For some time now I’ve been ruminating on Aesop’s fable “The Town Mouse and the Country Mouse.” On the surface, the story tells of two mice-one from a rural environment and one from an urban environment-who interact with one another inside the home territories of the other over a meal. In Jerry Pinkney’s version of the tale, the City Mouse wants to show the Country Mouse how much better the food is in the city so they journey there. As they prepare to dine, a cat interrupts them and nearly makes them dinner. The City Mouse then tells the Country Mouse of their great fortune in not having to encounter the dog who has a history of interrupting mealtime. With that, the Country Mouse decides to head back home. According to Pinkney’s version, the moral of the story is this: “Poverty in safety is better than riches in peril.” I understand how one could derive this meaning from the tale, but a more pressing element of the story emerges in my reading about what it means to be a good guest or the recipient of hospitality.
In Pinkney’s version of the fable, the Country Mouse works deliberately and with great care to gather food to share with her cousin who she has invited for dinner. Though the City Mouse tries to appreciate the meal, she simply finds it too meagre and so she invites her cousin to take leave of the country and travel home with her to the city in order to enjoy a more bountiful feast. When they arrive in the city at a grand mansion featuring a table where the remains of a banquet await, I was struck by the Town Mouse’s exclamation: “Look at all the good things here!” This was striking in light of the diligence that went into preparing the country meal as we are told that the Country Mouse “worked all day to prepare the dinner, gathering a few peas, a stalk of barley, a crust of bread, and cold water in a green leaf to drink.” Unlike the banquet remains that sat available for easy scavenging, the country meal required careful, skillful work; why should such thoughtful, deliberate, careful, and skillful work get translated into poverty? I don’t understand why performing such labor makes one poor. Instead of being honored by being the recipient of such great care, the Town Mouse rejects these gifts of hospitality for a bounty that actually resulted from another’s waste.
When I reflect on my childhood, it seems like the entire experience was designed to teach me what it meant to be the recipient of another’s care. It seems that my earliest lessons were in learning to show gratitude for the food that was made for me, the cleanliness of my environment, and the plans that were made on my behalf; these were all things that I needed to be grateful for. I was taught to believe that I owned nothing; everything that I even thought to claim was at best borrowed and could be taken away at any moment. My grandfather made it clear that while I could lay claim to having a “home,” the “house” belonged to my grandmother and to him; “my room” was actually a space where I slept but where my mother could enter at any time and determine its condition. For me then, being a guest in someone else’s home was very much like being in my own in that I was residing in a space that did not belong to me and so I needed to honor those who were providing me with it. I was taught that my physical labor as well as the verbal acknowledgement of my appreciation were forms of payment that I could use in showing gratitude to my hosts. These were valuable lessons. As a child, then, I was being introduced to the work of asking myself to discover the contributions that I could make to my environment and to my community despite my not having money, credentials, authority, or possessions.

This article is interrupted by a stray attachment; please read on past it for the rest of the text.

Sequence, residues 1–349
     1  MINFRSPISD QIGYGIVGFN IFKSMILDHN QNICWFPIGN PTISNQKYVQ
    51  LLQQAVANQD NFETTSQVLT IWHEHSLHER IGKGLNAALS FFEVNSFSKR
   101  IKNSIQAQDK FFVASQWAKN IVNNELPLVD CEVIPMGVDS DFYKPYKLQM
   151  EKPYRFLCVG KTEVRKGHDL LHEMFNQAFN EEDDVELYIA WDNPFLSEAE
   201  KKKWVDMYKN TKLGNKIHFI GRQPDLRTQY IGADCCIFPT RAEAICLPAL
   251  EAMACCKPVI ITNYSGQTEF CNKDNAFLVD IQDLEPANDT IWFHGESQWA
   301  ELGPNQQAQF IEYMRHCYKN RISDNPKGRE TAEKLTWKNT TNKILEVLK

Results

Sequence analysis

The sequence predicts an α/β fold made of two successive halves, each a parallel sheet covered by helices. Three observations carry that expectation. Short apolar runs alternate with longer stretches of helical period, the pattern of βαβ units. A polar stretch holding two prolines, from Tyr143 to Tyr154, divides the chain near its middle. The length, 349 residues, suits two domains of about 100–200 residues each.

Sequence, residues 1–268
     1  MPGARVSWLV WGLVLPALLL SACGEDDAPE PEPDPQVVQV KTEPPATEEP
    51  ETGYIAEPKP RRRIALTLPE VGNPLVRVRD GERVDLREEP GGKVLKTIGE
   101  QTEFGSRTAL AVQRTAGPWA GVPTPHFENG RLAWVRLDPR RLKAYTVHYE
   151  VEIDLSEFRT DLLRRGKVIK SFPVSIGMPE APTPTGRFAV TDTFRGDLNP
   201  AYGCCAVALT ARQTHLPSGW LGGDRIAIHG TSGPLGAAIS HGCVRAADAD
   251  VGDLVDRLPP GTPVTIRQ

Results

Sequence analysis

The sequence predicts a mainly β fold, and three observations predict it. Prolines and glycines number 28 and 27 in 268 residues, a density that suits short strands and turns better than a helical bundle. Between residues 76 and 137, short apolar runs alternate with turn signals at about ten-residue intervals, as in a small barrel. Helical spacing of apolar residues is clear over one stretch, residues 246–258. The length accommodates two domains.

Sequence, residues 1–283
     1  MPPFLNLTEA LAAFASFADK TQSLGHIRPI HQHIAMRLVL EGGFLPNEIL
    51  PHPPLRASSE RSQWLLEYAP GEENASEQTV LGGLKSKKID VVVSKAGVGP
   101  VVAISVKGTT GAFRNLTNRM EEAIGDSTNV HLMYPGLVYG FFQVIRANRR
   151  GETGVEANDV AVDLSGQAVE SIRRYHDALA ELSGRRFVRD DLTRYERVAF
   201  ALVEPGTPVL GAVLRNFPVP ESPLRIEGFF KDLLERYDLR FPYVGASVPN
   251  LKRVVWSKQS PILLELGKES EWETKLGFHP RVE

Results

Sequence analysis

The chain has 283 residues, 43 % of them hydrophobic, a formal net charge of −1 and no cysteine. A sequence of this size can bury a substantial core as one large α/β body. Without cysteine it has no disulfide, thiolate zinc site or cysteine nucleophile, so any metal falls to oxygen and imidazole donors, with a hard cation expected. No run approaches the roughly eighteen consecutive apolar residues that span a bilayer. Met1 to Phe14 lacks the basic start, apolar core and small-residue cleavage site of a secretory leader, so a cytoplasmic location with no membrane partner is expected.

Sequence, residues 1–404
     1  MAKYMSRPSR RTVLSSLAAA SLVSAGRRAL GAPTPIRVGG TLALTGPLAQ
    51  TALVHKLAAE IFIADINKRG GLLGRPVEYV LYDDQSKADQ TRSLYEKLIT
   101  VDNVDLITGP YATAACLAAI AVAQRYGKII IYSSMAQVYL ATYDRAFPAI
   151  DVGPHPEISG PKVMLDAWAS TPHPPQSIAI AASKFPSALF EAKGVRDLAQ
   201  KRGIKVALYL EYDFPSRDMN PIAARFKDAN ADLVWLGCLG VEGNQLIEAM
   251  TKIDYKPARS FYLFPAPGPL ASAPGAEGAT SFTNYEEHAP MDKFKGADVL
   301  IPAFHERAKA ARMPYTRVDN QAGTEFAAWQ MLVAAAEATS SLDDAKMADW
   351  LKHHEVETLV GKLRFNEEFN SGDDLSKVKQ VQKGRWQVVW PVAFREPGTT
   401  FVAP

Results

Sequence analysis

I was talking to my neighbor about her nephew who stays with them off and on during the summer and she tells me that he treats her “like the maid,” or as she says, “like his idea of what it would be like to have a maid since his family has never had the means to hire domestic help.” So her nephew occasionally fails to make-up the bed and when he does, it looks nothing like the neat and tidy bed that she prepared for him or that approximates what the other made-up beds look like in the house. He never acknowledges the work she put into preparing a meal with any kind remarks about the food; he only sometimes thanks her for cooking. When he washes dishes, he only washes the ones that he uses. As I listened to her describe all of the things that her nephew failed to acknowledge, I saw him as the Town Mouse who expected bounty to await him and who overlooked the bounty that was gathered on his behalf.
It is still worthwhile to keep in mind the work that is done for our sake; to see this work as our bounty. This work commits us to repayment. Dismissing the Country Mouse’s work as a sign of poverty removes it from the terms of responsibility and thus from acknowledging debt. Constructing poverty in this typical way assumes that the poor can’t be owed anything as they are without anything of worth or value that they would have or could have contributed. What Aesop’s fable shows us is that while Country mouse did not have money, she did have talents and skills that allowed her to extend hospitality. The lessons of my childhood taught me a similar lesson: I was without money, status, and power but I had my labor and my talents to offer as thanks. In my reading of the fable and its larger significance, Town Mouse had a responsibility to pay tribute to Country Mouse for her deliberate, thoughtful, and skillful work, but she did not honor her responsibility. In not doing so, Town Mouse failed at being a good guest and this failing marks her impoverishment despite her ability to find food in mansions.